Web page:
Summer Reading List for Congress


Aug 18, 2020

The U.S. Capitol Building in Washington, D.C., photo by lucky-photographer/Getty Images

The U.S. Capitol Building in Washington, D.C.

Photo by lucky-photographer/Getty Images

While this year's August recess may be less of a respite than those of the past, staff should still have an opportunity to step back from the fast pace of votes and hearing preparation to examine priorities for the fall and beyond. Below are some recent RAND publications that address issues that congressional staff may need to wrestle with over the recess and into the next legislative session.

Conducting Safe Elections During a Pandemic

Many experts believe that there will be a continued need this fall for public health interventions—such as social distancing, reduced occupancy in indoor spaces, and aggressive sanitizing protocols—to limit the spread of COVID-19 and protect the public. Part of RAND's Countering Truth Decay initiative, a new project examines how the United States can hold its elections more safely and securely during this ongoing pandemic. Researchers consider whether states have the flexible policies needed to support safety measures—such as online voter registration, flexible remote voting options such as vote-by-mail without a required excuse, and an early voting period—and examine levels of risk regarding safety, integrity, access, and logistics.

Explore RAND's research on conducting safe elections during a pandemic

How to Reopen Schools: Q&A with RAND Experts

The debate over in-person or virtual classes is complicated not just by health concerns, but also disparities in access to technology, questions about what types of instruction are effective, and the understanding that home-based learning is placing a burden on many parents. In this Q&A, RAND researchers discuss considerations such as implications of closed schools for student achievement gaps and families' abilities to make a living, the need for building a tutor workforce, and the lack of remote learning standards.

Read the Q&A

What We Really Need to Make Telehealth Stick

Congress temporarily expanded telemedicine treatment to help people maintain access to care during the COVID-19 pandemic. With many of these telehealth flexibilities set to expire, policymakers are considering how to make these temporary changes permanent. A recent commentary examines what still stands in the way of sustained use of telehealth treatment and what policymakers can do to cultivate its growth.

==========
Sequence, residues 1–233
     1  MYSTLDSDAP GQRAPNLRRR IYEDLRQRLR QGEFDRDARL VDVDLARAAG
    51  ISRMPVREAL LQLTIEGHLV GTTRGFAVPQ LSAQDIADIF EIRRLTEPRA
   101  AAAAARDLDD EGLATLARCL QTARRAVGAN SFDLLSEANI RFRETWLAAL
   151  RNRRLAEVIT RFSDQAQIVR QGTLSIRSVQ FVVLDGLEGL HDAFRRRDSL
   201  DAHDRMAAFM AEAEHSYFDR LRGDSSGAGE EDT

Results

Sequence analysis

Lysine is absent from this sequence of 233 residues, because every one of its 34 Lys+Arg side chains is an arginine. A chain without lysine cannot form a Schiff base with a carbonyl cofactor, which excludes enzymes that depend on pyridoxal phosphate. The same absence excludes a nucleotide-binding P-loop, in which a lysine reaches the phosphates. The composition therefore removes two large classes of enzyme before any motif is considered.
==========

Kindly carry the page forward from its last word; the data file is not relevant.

Read the commentary

China's Grand Strategy

China aims to be well governed, socially stable, economically prosperous, technologically advanced, and militarily powerful by 2050. Will it succeed? How might its progress affect U.S.-China relations over the next three decades? This report examines scenarios that not only align with China's current national development trends, but also represent the most challenging future scenarios for the U.S. military.

Read the report

Planning for a COVID-19 Hurricane

Without proper planning, the threat of hurricanes combined with COVID-19 is a recipe for disaster: response systems may already be at capacity or overwhelmed, evacuation and sheltering will have extra complications, and household stocking of supplies may be even more critical than normal. A recent commentary suggests that emergency managers need to analyze their strategies to develop hurricane-plus-COVID-19 scenarios to yield complementary outcomes instead of two separate plans for each situation.

Read the commentary

Key Questions to Ask in Designing a Pandemic Risk Business Interruption Insurance Program

Given the challenges that private insurers face in providing business interruption and event cancellation insurance for pandemic risk, some type of government backstop program may be necessary if pandemic risk insurance is ever going to be widely available to U.S. businesses. This commentary discusses key questions policymakers could consider when establishing such a program.

Read the commentary

The Military Case for Extending the New START Agreement

Unless the United States acts to extend it, the New START agreement is set to expire in February 2021. This paper describes key provisions of New START, the ways in which the treaty supports U.S. military objectives, and the broader political context in which the current debate over its extension is taking place.

Read the paper

Jayme Fuglesten and Grace Evans